What happens during the dental implant placement procedure?
The site where the implant will be placed will be numbed with an injection of local anaesthetic.
Your surgeon will be able to tell you how long your procedure is expected to take. It may range from 30 minutes for a single implant to several hours for multiple ones.
Once the anaesthetic has taken effect, your surgeon will make a cut in your gum and drill a small hole in your jawbone. The implant will fit into this hole.
Once the implant has been placed then the gum can be sutured back together. This area may feel sore for a few days but painkillers can help with any discomfort. The sutures will naturally dissolve on their own.
The implant will be left alone for 2-3 months to allow for healing and integration of the implant.
What to expect after having the dental implant placed?
After your dental implant has been fitted, you may need to rest until the effects of the anaesthetic have passed. You can usually go home as soon as you feel ready.
It can take several hours before the feeling comes back into your mouth after a local anaesthetic. Until it does, be careful if you have any hot food or drinks. It’s probably best to wait until the feeling has returned to your mouth; otherwise, you might burn yourself without realising.
You may wish to take some over-the-counter pain relief medicines to help with any discomfort as the anaesthetic wears off.
Your surgeon will give you instructions on how to care for your mouth and teeth when you first go home after you have had the surgery.
Side Effects of dental implant surgery
Side-effects are the unwanted but mostly temporary affects you may get after having the procedure.
You may have some swelling and discomfort around the implant area. You can take an over-the- counter painkiller such as paracetamol or ibuprofen to help with this. Always read the patient information leaflet that comes with your medicine and if you have any questions, ask your pharmacist or dentist for advice.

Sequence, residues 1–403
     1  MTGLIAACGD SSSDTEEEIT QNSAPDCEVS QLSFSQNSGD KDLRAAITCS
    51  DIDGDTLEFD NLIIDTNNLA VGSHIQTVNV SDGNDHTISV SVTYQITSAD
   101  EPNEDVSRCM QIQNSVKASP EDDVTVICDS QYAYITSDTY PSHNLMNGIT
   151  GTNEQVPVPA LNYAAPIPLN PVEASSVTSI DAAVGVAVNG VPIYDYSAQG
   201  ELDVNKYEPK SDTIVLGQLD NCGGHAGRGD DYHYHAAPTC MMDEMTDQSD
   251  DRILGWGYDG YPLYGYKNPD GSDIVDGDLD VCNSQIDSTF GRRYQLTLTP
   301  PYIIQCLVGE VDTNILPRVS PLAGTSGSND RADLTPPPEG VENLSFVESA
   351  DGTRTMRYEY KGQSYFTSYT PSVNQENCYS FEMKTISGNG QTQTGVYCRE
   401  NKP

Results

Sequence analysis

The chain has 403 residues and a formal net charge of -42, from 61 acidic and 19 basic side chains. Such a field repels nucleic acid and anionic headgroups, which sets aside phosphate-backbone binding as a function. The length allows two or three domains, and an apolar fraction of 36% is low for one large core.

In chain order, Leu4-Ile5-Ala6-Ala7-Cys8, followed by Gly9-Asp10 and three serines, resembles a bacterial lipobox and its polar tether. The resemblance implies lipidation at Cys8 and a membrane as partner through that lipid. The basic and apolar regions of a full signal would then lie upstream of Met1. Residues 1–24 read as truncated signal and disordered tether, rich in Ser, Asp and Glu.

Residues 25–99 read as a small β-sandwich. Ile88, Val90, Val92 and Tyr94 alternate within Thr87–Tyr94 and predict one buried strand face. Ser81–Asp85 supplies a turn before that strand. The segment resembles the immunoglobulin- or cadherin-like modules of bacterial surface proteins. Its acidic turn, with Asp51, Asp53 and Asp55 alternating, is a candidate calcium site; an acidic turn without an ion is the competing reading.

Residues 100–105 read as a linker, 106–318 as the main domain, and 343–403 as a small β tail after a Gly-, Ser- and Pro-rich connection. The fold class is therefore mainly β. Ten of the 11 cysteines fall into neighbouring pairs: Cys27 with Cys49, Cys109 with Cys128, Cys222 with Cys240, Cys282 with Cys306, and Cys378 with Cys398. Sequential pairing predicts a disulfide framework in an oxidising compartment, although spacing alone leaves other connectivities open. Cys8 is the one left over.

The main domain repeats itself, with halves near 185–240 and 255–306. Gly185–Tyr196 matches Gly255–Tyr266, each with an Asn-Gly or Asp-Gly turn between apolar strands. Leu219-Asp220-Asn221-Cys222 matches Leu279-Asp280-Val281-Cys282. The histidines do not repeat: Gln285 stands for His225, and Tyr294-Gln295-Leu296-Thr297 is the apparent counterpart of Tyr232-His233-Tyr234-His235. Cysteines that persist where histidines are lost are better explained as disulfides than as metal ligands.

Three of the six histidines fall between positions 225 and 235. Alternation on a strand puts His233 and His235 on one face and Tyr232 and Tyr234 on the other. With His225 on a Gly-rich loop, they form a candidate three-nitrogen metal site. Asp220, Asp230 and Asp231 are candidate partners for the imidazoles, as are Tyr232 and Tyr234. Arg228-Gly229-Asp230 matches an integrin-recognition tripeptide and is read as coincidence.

If you have pain which is more severe than this, is increasing or does not ease after a few days then please contact the surgery.
Complications of having dental implant surgery
Complications are when problems occur during or after the procedure. The possible complications of any procedure include an unexpected reaction to the anaesthetic, infection or excessive bleeding.
Complications that can happen after having dental implant surgery include the following:
Nerve damage. You have nerves which come from your lower jaw, lower teeth and gums, and your bottom lip. If these nerves are damaged by the implant, you may feel tingling or numbness. It may also be painful. These feelings may go away, or they may be permanent. X-rays and CT scans before the procedure help your dentist see the position of these nerves in your jawbone so they can avoid them.
Attaching Replacement teeth to the implant
The surgeon will review the implant to make sure it has fully healed and integrated into the bone and can check this by taking x-rays.
The first appointment for making the replacement teeth will be to take impressions of the upper and lower jaw which will be sent off to the lab. A dental technician, working closely with your surgeon, will construct your new artificial tooth (or teeth). The process from taking the impressions to fitting the artificial tooth or teeth will normally take about 4 weeks.
Your final new tooth or teeth will be fixed in place by the surgeon. The bite is then checked and adjusted as necessary to make sure it feels comfortable when you bite together.
The surgeon will normally review the implant 6 months after this appointment to see how you are getting on and to check the implant.